Author(s): James Conaway
From the pages of Look, the magazine that defined the fifties, comes a photographic portrayal of the dynamic era that sparked a transformation in America's political and cultural identity. From the Red Scare incited by Joseph McCarthy to the election of John F. Kennedy as president in 1960, the 1950s heralded some of the most striking and clashing aspects of twentieth-century America: the Korean War and I Love Lucy; the Bunny Hop and Brown v. Board of Education; bikinis and UFOs; Disneyland and the polio vaccine; Elvis and Allen Ginsberg; the Invisible Man and Roman Holiday; Marilyn Monroe and Jackie Kennedy. The evocative images in this volume-many never before published-chart a contradictory decade, transcending what we have come to know as the age of Ozzie and Harriet. Provocative and endearing, best-selling journalist James Conaway's entertaining and highly readable year-by-year survey will resonate with a generation that came of age in the 1950s but also prove compelling to younger audiences who identify with that hopeful yet uneasy epoch.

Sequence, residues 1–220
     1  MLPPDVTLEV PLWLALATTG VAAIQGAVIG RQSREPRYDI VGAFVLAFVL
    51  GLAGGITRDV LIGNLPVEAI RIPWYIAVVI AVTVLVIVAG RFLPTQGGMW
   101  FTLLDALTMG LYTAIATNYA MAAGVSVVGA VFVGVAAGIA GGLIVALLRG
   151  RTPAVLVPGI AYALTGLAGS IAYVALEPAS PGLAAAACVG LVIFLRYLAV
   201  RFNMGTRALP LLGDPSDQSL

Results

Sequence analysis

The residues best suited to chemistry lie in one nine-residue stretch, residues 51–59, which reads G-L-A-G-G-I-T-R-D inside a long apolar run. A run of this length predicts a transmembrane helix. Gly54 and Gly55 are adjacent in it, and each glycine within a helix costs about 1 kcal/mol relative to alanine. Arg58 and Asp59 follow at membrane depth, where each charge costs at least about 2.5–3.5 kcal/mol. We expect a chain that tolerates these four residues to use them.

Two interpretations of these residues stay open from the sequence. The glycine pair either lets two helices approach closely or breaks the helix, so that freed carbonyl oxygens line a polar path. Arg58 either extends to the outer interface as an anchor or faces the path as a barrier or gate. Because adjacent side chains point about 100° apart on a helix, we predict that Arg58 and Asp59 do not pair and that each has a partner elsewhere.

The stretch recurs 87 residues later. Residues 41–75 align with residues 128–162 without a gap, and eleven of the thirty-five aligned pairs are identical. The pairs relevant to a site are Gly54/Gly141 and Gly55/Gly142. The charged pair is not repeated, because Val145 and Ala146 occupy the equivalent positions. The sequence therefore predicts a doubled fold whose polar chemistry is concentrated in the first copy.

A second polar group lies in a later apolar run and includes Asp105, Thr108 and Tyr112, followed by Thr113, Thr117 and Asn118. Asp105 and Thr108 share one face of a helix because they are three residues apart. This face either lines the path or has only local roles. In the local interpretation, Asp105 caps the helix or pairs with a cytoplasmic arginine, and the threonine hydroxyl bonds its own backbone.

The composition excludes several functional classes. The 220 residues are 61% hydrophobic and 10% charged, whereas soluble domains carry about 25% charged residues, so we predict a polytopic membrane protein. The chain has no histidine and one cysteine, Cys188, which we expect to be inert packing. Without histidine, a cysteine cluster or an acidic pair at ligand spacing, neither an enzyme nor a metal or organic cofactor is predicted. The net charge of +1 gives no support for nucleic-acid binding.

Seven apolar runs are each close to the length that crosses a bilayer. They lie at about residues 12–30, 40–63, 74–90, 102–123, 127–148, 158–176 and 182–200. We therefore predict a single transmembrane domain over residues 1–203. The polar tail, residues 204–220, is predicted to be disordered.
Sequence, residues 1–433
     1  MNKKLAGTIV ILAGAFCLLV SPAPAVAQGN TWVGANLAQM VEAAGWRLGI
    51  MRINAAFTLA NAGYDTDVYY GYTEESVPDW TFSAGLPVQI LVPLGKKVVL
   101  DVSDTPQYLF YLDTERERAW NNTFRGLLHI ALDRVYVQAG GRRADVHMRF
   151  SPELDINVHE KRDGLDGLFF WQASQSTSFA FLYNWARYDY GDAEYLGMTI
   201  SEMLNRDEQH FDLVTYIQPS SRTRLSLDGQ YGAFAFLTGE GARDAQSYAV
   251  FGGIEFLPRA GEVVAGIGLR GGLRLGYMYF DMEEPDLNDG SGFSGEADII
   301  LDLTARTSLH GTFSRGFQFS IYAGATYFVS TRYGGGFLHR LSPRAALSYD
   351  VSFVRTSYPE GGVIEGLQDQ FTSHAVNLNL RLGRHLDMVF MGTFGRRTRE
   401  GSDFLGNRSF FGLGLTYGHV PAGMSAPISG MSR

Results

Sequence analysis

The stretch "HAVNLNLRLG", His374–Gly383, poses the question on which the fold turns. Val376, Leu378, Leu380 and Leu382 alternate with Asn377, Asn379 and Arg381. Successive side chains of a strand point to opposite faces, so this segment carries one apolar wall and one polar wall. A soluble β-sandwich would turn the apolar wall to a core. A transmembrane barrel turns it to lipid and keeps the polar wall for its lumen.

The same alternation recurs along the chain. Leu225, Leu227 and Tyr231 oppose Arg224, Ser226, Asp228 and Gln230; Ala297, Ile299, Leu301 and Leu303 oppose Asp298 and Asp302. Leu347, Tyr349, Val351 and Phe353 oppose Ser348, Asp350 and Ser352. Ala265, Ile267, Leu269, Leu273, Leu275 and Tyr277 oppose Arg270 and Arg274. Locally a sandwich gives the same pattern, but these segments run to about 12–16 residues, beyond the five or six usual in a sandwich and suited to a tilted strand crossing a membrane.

James Conaway is the author of nine books of nonfiction, among them Memphis Afternoons and Napa: The Story of an American Eden, and several novels, including Nose and The Big Easy. Alan Brinkley is the Allan Nevins Professor of History at Columbia University. His books include The Publisher: Henry Luce and His American Century.